Chapter # 1 Paragraph # 3 Study # 8
February 8, 2004
Lincolnton, N.C.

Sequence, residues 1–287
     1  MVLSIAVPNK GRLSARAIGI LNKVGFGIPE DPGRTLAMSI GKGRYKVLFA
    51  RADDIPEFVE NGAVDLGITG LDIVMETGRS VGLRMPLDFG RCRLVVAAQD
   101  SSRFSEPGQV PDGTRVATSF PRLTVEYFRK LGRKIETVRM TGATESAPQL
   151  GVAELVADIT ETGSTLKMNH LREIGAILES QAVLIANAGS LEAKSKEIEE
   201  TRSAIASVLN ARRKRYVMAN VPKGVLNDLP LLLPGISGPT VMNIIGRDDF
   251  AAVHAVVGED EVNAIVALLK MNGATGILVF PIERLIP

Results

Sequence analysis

<049> Thesis: The "virgin birth" was necessitated, not by the language of Isaiah, but by the biblical concept of substitutionary atonement. Introduction: In our studies of Gabriel's announcement to Mary, we have seen that there was a very necessary connection between Mary's perception of her Son and her Son's actual behavior and teaching. She desperately needed to view Him as the "Victorious Warrior" while permitting His "servant" behavior and teaching to fill out that perception. No one ever becomes a legitimate "believer" in Christ who does not grasp the unity of "dominion power" and "service". On the one hand, "service" which does not powerfully confront the real issues of life and death is not "service"; and, on the other hand, "powerful confrontation" which only seeks to subjugate others, not lead them into life, is not true "dominion power". What this translates into, in practical terms, is a two-fold distortion of religion. On one hand, we have "religion" which panders to man's disaster (such as food kitchens) and calls it "serving". On the other hand, we have "religion" which dogmatizes and pontificates in order to dominate and calls it "taking a stand for Jesus". This morning we are going to move further into our text. The question we wish to address this morning is this: why did Mary simply assume that Gabriel meant that she was to have a son without Joseph's input? Because of the complexity of the material before us, let me say at the outset that I am an absolutely firm believer in the "virgin birth of the Christ". I say this because some of what I am going to say this morning can easily be misunderstood if a person has a mental lapse while listening to this message and isn't paying close attention, or a person who, like Mary, jumps to certain interpretive conclusions that are unwarranted by my words.